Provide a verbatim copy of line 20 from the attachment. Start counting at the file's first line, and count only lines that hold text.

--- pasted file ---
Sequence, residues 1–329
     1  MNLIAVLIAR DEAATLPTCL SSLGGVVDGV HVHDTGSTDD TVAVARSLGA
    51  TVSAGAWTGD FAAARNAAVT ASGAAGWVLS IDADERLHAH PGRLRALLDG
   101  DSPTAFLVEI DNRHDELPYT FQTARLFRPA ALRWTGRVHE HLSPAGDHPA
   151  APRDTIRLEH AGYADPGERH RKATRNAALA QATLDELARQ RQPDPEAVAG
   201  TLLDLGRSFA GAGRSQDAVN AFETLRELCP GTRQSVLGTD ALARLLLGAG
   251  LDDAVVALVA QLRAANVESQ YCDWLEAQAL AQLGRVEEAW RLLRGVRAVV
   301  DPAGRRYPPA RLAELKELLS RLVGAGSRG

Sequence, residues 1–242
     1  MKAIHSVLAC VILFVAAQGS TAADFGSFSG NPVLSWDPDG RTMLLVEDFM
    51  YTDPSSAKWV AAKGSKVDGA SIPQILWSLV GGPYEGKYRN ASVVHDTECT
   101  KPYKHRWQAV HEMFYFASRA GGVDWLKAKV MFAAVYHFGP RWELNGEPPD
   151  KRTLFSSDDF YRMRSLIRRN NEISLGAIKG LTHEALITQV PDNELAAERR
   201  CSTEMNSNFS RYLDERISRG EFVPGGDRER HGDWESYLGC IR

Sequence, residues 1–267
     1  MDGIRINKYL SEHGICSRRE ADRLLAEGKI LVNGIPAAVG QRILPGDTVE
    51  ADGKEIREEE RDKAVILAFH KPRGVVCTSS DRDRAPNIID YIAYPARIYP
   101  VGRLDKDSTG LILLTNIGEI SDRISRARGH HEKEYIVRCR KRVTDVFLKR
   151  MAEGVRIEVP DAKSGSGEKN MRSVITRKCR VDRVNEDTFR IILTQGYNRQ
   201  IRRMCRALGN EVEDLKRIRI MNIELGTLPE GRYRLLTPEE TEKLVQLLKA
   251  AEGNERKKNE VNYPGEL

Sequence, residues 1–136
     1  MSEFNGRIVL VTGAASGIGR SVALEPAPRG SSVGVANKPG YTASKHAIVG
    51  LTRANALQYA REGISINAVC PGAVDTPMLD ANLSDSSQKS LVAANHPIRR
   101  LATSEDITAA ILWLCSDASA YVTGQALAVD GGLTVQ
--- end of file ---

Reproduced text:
   201  IRRMCRALGN EVEDLKRIRI MNIELGTLPE GRYRLLTPEE TEKLVQLLKA